Perhaps a little light on scares, it will leave some viewers underwhelmed, but in the current dearth of new movies, you could do worse than go see this for Halloween, which is canceled anyway.
British psychological thriller Saint Maud is written and directed by Rose Glass in her debut presentation. It tells the story of carer Maud who finds herself in charge of cancer patient Amanda, a former dancer that was pretty famous in her day, and now wheelchair-bound relying on her carers to attend to her needs. However, Maud seems intent to be Amanda’s spiritual savior, at whatever the cost.
Arriving at the cinema, so you don’t have to, I was expecting a horror with overtones of Hereditary and Midsommar, and this was in part due to the trailer. I guess Studio A24 has had plenty of success with those titles, so it seems practical to market this in a similar fashion.
In a way, this is a similar production. There is a small cast and limited sets, leading to a claustrophobic feeling, and with Maud herself being such an unreliable narrator, it seems we are never really seeing the actual events that unfold. I suppose it almost has comparisons with Joker, with events being seen through Maud’s eyes.
The seaside town that Maud wanders through is a dull and colorless tawdry backdrop, the only colors coming from the cheap amusements arcades on the pier, that also echoes the Gotham streets of Joker.
Amanda seems slightly amused by the stoic reverence of Maud, and despite her initial suspicion, warms to Maud and appears open to her faith. However other factors in Amanda’s life upset Maud, and she starts to obsess more and more about her patient.
As we begin to see glimpses of a tragic past event in Maud’s life, her mental state starts to unravel. Maud seems to see sinister portents in everyday objects and events start to escalate to a terrible climax.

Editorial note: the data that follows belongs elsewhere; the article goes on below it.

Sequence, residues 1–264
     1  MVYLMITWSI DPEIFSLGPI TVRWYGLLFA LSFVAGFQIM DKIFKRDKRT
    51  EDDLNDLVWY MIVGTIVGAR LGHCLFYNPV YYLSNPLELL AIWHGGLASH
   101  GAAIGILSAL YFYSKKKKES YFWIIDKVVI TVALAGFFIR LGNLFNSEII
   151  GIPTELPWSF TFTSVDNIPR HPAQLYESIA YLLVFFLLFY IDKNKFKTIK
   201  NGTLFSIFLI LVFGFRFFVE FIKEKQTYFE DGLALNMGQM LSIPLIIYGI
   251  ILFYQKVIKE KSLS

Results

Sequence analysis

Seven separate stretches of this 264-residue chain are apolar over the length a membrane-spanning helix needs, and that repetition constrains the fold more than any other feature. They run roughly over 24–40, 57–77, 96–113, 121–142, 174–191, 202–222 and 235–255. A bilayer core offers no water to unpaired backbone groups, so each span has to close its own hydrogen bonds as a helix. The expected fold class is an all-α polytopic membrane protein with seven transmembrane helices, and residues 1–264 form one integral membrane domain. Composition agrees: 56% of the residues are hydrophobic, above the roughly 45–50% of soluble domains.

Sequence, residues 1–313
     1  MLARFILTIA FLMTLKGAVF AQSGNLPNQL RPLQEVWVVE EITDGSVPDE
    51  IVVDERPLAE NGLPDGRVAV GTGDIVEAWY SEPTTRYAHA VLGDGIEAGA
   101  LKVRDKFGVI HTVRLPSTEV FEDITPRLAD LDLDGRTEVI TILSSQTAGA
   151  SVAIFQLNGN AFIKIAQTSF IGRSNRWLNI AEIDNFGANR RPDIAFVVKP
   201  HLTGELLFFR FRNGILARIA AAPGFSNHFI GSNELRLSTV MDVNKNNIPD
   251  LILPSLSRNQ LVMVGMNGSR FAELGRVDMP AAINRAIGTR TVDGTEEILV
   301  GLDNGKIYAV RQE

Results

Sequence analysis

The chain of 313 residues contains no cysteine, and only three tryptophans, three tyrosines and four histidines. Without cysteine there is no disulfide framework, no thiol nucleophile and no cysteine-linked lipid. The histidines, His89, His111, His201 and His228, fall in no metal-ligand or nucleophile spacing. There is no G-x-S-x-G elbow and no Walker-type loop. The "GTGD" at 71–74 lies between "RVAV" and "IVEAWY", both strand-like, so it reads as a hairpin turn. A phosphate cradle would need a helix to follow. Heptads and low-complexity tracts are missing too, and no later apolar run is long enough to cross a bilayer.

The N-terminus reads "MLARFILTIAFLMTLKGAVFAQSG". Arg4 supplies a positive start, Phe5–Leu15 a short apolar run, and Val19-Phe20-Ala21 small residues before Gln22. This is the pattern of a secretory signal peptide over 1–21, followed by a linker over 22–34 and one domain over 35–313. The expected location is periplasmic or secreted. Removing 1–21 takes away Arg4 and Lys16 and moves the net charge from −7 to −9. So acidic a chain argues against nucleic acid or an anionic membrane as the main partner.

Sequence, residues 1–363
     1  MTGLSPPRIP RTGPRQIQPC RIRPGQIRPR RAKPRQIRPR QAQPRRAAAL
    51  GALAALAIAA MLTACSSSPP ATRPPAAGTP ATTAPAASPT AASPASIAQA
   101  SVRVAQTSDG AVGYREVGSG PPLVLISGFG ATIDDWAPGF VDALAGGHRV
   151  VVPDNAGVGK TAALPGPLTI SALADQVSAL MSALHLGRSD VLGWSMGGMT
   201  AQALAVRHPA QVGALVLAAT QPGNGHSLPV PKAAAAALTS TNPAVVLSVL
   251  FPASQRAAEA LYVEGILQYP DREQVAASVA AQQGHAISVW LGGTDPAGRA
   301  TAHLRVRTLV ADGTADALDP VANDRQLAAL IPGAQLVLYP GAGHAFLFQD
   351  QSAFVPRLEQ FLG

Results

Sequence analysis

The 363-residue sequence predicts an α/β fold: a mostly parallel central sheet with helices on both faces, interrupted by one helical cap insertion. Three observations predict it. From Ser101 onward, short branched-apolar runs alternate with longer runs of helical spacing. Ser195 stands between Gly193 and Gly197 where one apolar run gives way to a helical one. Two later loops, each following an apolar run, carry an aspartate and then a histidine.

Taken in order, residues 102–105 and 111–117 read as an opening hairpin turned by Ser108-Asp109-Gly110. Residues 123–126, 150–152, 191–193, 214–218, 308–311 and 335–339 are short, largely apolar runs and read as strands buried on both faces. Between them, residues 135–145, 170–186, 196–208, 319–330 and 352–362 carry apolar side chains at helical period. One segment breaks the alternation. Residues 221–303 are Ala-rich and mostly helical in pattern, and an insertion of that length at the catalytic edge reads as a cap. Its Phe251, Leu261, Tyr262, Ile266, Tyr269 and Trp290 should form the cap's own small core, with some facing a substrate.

Saint Maud is a slow burn that although beautifully filmed does tend to take its time getting to the crux of the matter. The performances are all on point, but the decision to limit the more sinister aspects of Maud herself leaves the audience slightly confused by the end of the third act. Maud, who talks to, and hears the voice of God, and experiences raptures on a daily basis, seems devoted to her faith, but we don’t really know why, or how her traumatic past has led her to this if indeed it did.
If the idea is to make us question what is real and what is not, then it seems that the question is answered for us in the final scene. Perhaps there is a cut of the film that makes things even vaguer, and we could believe that Amanda is indeed possessed and in need of salvation. This, for me, would perhaps be more interesting.
Saint Maud is an atmospheric chiller that will find success with fans of Hereditary and similar fare. I could be wrong here, but I would also venture that director Rose Glass is a fan of Donnie Darko — let me know if you agree.
Louie Fecou reviews films, tv shows and comics for Ready Steady Cut, HC Movie Reviews and We Have A Hulk. He currently runs his own business in between watching films.